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Rosario Dawson embodies intersectional feminism with her extensive, off-camera work. When she's not acting, Dawson works with such organizations as the Lower East Side Girls Club, Global Cool, O.N.E., Oxfam, Amnesty International, Parents, Families and Friends of Lesbians and Gays, Control Arms, International Rescue Committee, Conservation International, Doctors Without Borders, National Geographic Society, The Nature Conservancy and Save the Children. Additionally, she personally founded Voto Latino — a site which "empowers Latino Millennials to claim a better future for themselves and their community." She's also used her voice to raise awareness about domestic violence via the RESPECT! campaign.

Rosario Dawson is a feminist who knows that human rights issues are feminist issues, and vice versa. (Also, I think she might be a real-live super hero.)

8. Kimberlé Crenshaw

We can't really talk about intersectional feminists without talking about Kimberlé Crenshaw. Although Crenshaw speaks openly about the fact that intersectionality theory has been around since the 19th century, Crenshaw was the person to officially name intersectional feminism back in the 1980s. Additionally, she's a Professor of Law at UCLA and Columbia Law School, an author, and co-founder of the African American Policy Forum (AAPF).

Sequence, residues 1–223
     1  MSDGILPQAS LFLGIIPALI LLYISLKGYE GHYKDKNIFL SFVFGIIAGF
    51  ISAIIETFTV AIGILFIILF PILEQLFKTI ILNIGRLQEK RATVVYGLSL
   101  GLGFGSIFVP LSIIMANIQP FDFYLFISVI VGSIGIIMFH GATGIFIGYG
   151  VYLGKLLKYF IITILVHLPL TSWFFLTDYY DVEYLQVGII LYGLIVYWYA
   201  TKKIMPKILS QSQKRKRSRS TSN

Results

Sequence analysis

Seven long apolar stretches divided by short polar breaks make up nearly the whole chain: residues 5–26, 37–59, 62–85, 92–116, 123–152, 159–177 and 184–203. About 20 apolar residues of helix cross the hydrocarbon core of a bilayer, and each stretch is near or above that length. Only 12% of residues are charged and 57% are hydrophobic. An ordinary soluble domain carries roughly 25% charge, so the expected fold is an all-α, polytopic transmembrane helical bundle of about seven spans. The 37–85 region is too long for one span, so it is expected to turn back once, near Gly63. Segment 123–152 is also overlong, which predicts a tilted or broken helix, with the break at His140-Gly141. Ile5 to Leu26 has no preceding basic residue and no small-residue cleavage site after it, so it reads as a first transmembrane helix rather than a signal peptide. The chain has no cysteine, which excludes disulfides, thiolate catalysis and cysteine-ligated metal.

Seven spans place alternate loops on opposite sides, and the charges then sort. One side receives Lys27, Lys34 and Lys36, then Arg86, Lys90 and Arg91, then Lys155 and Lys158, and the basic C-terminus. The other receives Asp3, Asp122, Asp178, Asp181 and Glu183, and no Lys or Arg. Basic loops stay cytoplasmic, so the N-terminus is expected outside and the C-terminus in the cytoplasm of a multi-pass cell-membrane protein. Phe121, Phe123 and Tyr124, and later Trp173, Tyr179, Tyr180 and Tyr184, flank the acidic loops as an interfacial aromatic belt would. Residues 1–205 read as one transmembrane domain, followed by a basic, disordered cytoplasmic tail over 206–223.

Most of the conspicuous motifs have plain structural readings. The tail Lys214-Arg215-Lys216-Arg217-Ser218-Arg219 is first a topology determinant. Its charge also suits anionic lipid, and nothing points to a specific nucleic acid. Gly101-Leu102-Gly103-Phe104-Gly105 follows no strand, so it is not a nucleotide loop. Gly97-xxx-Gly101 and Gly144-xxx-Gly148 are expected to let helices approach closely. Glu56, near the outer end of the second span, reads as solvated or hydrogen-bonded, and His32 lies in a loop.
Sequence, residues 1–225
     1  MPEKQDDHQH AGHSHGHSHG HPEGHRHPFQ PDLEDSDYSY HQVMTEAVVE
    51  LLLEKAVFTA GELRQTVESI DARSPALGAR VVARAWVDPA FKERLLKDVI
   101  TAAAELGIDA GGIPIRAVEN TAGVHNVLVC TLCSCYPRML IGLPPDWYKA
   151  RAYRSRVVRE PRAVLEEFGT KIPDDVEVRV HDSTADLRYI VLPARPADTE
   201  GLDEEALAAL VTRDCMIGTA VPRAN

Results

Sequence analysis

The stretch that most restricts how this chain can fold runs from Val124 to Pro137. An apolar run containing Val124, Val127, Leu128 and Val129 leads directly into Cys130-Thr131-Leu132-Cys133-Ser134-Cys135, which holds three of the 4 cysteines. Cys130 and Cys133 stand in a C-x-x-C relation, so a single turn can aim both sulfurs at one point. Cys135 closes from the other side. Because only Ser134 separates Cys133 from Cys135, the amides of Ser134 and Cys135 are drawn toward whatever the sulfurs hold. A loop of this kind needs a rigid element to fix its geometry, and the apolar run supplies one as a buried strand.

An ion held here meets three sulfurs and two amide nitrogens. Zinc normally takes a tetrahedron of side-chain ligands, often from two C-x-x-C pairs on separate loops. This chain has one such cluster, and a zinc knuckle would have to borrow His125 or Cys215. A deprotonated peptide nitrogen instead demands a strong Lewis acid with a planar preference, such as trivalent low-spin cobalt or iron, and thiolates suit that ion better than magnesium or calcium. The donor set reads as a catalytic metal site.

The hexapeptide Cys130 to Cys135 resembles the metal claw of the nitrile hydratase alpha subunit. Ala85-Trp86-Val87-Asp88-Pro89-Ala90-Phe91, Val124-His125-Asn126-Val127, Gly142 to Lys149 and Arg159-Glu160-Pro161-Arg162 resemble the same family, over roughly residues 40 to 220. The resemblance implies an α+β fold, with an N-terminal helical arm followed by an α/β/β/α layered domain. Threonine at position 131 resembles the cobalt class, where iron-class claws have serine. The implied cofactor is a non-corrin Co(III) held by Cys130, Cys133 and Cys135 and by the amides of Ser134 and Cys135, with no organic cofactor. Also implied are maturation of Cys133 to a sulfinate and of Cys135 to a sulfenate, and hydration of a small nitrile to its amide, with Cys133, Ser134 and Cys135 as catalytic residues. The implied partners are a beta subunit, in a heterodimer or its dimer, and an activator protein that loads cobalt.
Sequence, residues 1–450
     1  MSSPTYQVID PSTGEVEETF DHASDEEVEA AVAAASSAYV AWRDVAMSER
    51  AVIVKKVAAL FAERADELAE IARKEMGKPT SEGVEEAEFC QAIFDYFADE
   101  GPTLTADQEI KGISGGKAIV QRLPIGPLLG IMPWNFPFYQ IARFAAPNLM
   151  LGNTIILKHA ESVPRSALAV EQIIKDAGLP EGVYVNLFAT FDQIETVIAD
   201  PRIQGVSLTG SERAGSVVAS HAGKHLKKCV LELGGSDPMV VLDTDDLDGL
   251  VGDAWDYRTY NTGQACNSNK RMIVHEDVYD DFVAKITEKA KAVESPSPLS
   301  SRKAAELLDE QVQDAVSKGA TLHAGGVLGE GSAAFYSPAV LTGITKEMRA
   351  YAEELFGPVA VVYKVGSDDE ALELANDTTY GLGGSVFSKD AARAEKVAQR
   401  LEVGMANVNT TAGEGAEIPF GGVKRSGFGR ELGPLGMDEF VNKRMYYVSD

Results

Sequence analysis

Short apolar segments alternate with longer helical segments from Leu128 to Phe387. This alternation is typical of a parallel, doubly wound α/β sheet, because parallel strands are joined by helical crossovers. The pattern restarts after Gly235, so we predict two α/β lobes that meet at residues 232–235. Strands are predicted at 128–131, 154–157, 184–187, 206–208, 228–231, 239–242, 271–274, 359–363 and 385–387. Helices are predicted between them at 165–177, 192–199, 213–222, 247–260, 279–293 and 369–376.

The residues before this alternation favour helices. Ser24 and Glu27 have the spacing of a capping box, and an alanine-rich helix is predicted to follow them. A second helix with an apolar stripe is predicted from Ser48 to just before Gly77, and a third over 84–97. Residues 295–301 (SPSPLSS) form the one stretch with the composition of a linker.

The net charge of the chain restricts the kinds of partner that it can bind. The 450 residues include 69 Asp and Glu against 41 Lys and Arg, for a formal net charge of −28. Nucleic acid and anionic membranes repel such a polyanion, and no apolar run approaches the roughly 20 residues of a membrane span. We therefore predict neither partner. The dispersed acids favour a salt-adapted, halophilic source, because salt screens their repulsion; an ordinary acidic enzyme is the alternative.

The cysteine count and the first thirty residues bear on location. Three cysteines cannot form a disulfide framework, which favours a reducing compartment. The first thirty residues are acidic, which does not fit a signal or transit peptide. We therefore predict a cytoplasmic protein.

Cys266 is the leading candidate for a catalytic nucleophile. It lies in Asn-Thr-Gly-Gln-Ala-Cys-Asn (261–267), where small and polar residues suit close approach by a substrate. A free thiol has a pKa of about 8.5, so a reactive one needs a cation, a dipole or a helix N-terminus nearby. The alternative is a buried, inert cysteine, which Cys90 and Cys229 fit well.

In a 2014 interview with the NewStatesmen , Crenshaw addressed the importance of including the topic of race and race relations when we talk about feminism and gender. She stated:

“In every generation and in every intellectual sphere and in every political moment, there have been African American women who have articulated the need to think and talk about race through a lens that looks at gender, or think and talk about feminism through a lens that looks at race. So this is in continuity with that.”

Listening to what women like Crenshaw have to say about needing to "talk about feminism through a lens that looks at race" both inspires me to be a more inclusive feminist, and reminds me that feminism is about much more than gender. If you feel the same way, and want to be further inspired by this awesome intersectional feminist, check out one of her books or follow her on Twitter.